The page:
Light at the End of the Tunnel

There is light at the end of the tunnel! Emotions of relief are dominant, once time is made available to sort through belongings. Items no longer needed are let go of and the joy of displaying prized possessions, and therefore memories, is obvious. Rooms become safer for mobility as the decluttering continues. Peace of mind comes to the senior; they are still in control.

            Caregivers/adult children also feel relief as things and details are taken care of and their family member is in a safe and comforting place. Sure, navigating the emotional journey of downsizing is difficult- it’s filled with ups and downs for both the caregiver/family and the seniors. This is in fact why some families have shown increasing interest in the services of a “third party” to guide them on the path.

The following blog post was submitted by Shannon Lang who owns Edmonton's Elder Move Inc. and specializes in senior's re-locations. For more information please visit their website www.eldermove.ca

 



Moving Countdown Calendar

clock August 7, 2013 00:35 by author sylviac

    

       In life, few events match the stress of moving from one location to another. In this time of busy new beginnings and important adjustments we at Highland Moving appreciate the opportunity to be trusted with our client’s valuable goods. Moving everything an individual owns is a very personal experience and something that we at Highland take very seriously.

The following moving countdown calendar provided should assist with a rough estimate of what typically should be completed prior to an upcoming move to make the transition as smooth as possible.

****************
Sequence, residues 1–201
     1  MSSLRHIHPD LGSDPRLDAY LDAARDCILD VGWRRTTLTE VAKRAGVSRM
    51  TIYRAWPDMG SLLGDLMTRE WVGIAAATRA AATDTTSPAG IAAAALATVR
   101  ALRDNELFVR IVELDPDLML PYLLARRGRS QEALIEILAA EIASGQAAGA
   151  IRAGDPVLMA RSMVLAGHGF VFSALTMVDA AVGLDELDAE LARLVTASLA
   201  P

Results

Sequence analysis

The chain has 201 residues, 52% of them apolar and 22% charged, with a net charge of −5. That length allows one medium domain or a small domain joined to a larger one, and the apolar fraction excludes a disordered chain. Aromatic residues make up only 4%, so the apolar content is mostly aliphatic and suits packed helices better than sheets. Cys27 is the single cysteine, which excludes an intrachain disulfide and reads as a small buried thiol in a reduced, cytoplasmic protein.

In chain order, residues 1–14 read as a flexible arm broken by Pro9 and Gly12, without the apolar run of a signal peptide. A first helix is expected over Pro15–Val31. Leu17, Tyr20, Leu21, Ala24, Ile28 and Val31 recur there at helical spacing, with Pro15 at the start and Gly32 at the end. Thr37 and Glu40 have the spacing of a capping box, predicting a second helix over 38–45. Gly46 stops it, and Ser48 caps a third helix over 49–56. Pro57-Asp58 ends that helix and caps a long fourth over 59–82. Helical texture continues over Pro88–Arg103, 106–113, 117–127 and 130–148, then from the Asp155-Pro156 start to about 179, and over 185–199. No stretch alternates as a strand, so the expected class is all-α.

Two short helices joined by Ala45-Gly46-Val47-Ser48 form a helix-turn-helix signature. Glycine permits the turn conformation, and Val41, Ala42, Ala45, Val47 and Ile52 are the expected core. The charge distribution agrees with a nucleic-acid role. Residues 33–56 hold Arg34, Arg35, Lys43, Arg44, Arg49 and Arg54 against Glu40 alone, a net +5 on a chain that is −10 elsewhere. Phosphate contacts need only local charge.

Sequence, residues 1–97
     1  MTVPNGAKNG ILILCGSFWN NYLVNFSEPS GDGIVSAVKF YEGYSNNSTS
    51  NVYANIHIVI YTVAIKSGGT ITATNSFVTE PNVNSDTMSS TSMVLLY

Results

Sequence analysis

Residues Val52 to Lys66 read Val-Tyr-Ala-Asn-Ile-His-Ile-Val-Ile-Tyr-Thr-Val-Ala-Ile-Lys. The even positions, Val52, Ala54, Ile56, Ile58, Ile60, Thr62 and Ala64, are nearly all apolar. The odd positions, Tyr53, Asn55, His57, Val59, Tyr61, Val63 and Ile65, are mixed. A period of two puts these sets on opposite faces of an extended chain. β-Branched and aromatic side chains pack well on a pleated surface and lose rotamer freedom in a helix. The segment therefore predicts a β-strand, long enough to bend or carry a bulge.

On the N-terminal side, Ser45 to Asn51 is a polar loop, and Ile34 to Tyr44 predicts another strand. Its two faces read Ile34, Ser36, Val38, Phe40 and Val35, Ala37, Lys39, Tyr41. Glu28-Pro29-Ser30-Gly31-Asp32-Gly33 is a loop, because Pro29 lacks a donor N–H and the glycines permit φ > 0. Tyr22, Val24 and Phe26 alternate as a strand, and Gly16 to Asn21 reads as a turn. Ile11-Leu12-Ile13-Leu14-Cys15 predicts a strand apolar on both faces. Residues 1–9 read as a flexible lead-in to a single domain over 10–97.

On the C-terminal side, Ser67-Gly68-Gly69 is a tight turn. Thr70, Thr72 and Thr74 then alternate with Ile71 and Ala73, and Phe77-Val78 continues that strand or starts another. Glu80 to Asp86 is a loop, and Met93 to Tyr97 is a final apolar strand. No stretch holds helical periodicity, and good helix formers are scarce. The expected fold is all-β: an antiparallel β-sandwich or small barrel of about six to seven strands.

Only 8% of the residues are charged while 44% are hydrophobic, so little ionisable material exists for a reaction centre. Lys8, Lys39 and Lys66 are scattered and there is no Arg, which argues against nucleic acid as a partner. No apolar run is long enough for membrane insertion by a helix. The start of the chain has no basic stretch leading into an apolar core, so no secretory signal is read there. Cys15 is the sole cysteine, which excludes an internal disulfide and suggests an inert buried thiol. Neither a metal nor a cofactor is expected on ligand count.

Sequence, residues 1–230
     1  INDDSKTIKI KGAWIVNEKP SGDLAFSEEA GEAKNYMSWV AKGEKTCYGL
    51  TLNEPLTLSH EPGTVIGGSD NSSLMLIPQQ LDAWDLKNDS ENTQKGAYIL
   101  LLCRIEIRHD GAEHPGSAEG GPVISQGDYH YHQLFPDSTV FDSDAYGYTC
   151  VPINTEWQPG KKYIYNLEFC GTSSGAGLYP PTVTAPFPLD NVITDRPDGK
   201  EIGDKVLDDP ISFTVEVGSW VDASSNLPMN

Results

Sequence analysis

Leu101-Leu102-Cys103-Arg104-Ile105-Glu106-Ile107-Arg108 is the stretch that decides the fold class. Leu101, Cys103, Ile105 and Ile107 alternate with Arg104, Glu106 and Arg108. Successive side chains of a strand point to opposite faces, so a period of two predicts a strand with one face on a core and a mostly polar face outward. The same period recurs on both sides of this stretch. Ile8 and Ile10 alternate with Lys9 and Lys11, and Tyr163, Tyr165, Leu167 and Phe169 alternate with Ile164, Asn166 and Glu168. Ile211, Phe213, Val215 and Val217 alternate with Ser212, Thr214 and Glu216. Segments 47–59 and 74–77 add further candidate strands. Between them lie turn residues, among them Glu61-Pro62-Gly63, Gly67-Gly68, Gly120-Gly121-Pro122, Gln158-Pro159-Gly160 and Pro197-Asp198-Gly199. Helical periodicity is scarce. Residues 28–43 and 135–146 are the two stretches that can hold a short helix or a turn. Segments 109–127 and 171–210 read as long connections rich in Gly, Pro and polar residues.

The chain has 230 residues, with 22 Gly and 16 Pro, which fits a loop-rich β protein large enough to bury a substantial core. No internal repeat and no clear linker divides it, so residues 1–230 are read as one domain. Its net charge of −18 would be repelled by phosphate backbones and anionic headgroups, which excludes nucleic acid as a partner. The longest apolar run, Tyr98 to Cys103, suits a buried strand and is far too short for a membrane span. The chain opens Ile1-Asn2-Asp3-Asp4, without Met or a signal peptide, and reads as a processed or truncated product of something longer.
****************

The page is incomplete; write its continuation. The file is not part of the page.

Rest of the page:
6-5 Weeks Prior: Arrange to have a Highland Moving relocation surveyor come to your current residence to complete a free in-home estimation. This will allow us to provide you with the most accurate estimation for your upcoming move. The relocation surveyor will be able to answer any questions you may have in regards to topics such as how to properly pack your fragile items, move plants or specialty items. At this time, the relocation surveyor will also be able to discuss the various types of protection available for your goods.

4 Weeks Prior: If you are packing your own belongings this is a great time to get started on organizing your items for the upcoming move. There is no sense in moving things you don’t want to keep therefore, go through your home – room by room and decide which items to sell, donate or discard. One month prior to the move is also a great time to inform various companies about the change in address. Don’t forget to contact the following companies’: utilities, banks, post office, insurance, schools, credit card companies and family doctors.

2 Weeks Prior: This is a great time to confirm your move date and details with your moving coordinator. At this point, your moving coordinator will also be able to answer any additional questions. During this period it is also a good occasion to return any rented items such as library books and use up canned goods and/or frozen foods before the move. In addition, don’t forget about items in your garage. Safely dispose of any gasoline, matches, paint and remember to drain the fuel from the lawn mower and/or other machinery.